Over at Todd and Craig's Perhapanauts forum, there's a drawing jam going on. I tried to post this image but it won't link for some reason. So I thought I'd just post it here. I haven't put anything up here in a while anyway, so I guess it works out for the best. Craig will be happy to learn that I didn't do any underdrawings at all and barely did any penciling either. Most of this was done in ink. I loved how it turned out while I was using the brush pen but, once I switched to the thinner pens for details, my inking kind of went south. Still fairly happy with how it turned out, though, considering how quickly I drew it.
It's getting so I'm afraid to open my web browser anymore.
In a time when the world just seems so dark we're losing more and more of the kinds of people we need most. I never met Mr. Stevens but I sure loved his work. Mike bought just about everything he did, especially the Rocketeer. I remember borrowing Mike's Rocketeer comics and just being blown away. That character design was just spectacular and the artwork was unsurpassed. Stevens was one of the masters. Towards the end of last year, when Suzanne and I were visiting my parents, they gave me a box of Mike's old stuff that he'd left at home. One of the items was a Dave Stevens portfolio. I remember lying on Mike's bed, flipping through the book and remembering how much Mike loved Stevens' work and how he'd sometimes do drawings of the Rocketeer, trying to get that unique Stevensesque feel. I just can't believe we've lost another giant so young. Fifty-three. Jesus.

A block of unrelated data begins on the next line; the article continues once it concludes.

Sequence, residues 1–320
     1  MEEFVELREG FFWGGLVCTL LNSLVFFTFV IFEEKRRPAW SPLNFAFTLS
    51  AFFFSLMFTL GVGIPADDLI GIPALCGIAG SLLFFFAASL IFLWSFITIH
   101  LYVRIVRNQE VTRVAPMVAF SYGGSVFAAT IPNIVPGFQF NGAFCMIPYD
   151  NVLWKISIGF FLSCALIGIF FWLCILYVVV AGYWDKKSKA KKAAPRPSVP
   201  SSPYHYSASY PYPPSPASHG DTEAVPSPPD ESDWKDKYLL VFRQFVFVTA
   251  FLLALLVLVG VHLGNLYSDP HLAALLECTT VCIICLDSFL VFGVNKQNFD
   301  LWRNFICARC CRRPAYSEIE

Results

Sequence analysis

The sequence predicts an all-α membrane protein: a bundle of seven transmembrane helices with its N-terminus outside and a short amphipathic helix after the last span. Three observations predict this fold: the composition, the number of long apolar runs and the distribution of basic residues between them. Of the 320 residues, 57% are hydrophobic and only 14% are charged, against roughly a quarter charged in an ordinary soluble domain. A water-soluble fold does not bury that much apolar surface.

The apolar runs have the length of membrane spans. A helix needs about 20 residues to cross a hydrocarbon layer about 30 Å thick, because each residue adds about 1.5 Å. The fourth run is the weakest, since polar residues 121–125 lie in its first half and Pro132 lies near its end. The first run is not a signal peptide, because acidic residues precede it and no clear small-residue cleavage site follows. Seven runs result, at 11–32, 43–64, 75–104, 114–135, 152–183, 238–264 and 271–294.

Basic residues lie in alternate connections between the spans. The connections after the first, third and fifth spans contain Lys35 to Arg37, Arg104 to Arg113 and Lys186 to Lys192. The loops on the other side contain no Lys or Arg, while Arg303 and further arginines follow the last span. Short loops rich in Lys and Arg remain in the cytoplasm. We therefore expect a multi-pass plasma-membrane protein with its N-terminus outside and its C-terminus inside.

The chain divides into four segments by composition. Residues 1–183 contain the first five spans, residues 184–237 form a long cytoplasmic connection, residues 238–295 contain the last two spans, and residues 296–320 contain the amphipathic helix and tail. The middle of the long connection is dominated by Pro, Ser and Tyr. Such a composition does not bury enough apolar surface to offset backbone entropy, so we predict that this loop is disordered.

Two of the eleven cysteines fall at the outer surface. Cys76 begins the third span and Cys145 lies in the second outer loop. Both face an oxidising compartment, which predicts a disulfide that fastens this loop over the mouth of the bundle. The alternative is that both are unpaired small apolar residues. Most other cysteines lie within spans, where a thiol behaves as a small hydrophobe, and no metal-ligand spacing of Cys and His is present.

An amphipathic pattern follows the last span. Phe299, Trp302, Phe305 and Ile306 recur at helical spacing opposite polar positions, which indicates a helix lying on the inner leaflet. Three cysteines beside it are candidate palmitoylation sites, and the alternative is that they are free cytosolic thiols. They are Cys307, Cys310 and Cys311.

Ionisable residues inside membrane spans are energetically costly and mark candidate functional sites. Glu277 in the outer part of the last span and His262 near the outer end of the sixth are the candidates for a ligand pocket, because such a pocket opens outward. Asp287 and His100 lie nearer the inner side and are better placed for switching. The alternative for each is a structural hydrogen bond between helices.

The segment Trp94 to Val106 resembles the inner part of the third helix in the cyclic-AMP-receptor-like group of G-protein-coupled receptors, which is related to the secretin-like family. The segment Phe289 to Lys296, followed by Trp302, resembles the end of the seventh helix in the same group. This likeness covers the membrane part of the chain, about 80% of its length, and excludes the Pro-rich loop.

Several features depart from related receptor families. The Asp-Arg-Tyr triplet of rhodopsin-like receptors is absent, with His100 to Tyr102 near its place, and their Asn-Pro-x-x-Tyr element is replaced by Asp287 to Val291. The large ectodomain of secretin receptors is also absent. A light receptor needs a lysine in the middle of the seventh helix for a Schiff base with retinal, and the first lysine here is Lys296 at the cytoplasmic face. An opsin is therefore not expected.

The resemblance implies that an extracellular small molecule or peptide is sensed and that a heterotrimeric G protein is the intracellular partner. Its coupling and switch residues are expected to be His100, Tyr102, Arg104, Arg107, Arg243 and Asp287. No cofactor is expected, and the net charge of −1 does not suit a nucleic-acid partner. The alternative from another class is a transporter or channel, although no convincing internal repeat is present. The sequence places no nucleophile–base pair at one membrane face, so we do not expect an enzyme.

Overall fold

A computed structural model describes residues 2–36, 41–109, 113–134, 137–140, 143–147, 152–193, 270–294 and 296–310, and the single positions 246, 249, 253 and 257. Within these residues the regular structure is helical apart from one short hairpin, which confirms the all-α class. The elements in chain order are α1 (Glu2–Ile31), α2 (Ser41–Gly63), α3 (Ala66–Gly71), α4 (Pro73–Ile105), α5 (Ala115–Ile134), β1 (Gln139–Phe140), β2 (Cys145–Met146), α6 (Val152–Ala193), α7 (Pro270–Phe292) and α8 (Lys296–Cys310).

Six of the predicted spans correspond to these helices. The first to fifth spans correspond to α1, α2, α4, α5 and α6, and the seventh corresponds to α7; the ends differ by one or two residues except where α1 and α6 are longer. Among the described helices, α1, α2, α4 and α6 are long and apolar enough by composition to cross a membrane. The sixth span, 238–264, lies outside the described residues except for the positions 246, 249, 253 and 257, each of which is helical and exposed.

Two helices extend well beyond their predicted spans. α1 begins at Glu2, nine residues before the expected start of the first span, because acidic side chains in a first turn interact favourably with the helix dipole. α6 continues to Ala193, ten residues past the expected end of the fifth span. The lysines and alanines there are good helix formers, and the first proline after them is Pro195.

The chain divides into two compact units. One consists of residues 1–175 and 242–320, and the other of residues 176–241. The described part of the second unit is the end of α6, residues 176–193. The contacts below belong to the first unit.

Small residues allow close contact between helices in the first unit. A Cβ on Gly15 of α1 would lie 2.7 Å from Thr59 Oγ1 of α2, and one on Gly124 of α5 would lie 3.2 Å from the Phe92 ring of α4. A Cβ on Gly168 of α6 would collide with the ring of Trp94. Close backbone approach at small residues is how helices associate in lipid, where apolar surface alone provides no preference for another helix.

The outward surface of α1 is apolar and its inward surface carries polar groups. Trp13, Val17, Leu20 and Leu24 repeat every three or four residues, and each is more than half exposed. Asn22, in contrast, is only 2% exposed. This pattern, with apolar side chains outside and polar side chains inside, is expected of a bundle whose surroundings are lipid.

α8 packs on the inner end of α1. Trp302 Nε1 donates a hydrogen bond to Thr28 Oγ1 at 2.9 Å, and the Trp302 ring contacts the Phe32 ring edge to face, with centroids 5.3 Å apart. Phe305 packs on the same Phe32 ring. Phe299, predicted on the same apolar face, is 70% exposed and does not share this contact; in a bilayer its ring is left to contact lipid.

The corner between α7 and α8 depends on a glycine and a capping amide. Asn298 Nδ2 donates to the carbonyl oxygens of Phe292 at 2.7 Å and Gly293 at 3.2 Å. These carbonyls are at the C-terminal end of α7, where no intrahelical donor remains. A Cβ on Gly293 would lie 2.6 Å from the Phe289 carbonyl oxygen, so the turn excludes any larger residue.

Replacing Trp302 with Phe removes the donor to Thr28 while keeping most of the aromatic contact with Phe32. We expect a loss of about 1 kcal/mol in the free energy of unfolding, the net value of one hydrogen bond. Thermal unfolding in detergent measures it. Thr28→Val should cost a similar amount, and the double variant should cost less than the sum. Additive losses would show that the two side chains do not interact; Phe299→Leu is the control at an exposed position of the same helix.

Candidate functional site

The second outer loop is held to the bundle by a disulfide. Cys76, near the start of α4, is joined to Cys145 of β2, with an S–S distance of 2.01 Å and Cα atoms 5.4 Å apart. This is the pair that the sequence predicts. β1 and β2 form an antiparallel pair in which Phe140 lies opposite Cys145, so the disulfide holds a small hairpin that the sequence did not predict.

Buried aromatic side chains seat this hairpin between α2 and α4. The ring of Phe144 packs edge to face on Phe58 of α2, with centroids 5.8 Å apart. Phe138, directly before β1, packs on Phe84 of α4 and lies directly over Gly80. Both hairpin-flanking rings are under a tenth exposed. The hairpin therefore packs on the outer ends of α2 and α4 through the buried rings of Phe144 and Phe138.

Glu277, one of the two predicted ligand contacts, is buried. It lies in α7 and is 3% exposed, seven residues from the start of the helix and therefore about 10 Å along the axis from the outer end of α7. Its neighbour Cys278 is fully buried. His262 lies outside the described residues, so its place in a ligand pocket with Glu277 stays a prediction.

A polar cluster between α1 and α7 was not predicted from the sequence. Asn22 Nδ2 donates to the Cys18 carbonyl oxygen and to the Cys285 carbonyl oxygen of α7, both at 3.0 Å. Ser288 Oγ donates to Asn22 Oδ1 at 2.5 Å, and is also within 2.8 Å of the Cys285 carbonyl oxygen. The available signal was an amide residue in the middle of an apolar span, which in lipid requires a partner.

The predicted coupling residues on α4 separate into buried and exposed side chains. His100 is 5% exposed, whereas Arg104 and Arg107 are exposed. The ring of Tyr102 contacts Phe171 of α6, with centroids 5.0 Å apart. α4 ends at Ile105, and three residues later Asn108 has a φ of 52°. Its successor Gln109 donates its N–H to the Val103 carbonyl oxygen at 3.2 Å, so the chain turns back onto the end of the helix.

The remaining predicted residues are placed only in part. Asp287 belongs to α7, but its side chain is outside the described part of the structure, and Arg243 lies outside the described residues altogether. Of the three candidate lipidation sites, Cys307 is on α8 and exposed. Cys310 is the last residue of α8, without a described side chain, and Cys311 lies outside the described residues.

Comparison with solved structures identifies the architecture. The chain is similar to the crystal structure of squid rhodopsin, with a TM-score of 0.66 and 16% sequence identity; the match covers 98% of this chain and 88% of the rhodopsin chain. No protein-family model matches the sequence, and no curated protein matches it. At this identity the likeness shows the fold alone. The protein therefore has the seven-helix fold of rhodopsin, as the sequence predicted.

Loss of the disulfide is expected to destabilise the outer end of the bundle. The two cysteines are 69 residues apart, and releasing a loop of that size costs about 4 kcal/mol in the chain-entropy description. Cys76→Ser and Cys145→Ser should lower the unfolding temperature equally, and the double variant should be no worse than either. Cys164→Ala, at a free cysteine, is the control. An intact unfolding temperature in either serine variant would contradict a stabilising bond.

Rest in peace, Dave Stevens. You're in awfully good company.
Thanks for all the kind words about the 'Haps pinup, everyone. Though it always sounds like I hate my drawings...well, I do. But that's just because I want them to be better. It's a natural tendency I have to talk my work down. It's probably because I feel like, if I do that, then I've beaten people to the punch and anything negative they have to say will have already been said. By me. It's something I've always done and it dates back to high school when I used to make jokes about my weight to diffuse the inevitable fat jokes that always came my way. Anyway, I know I'm not the worst artist in the world (despite what Tom Breevort thinks); I just want to be better. And I ain't getting any younger. By the time my idols (Mike, Darwyn Cooke, etc.) were my age, they were already masters of their craft. I feel like I'm still fumbling around in the dark and it gets frustrating.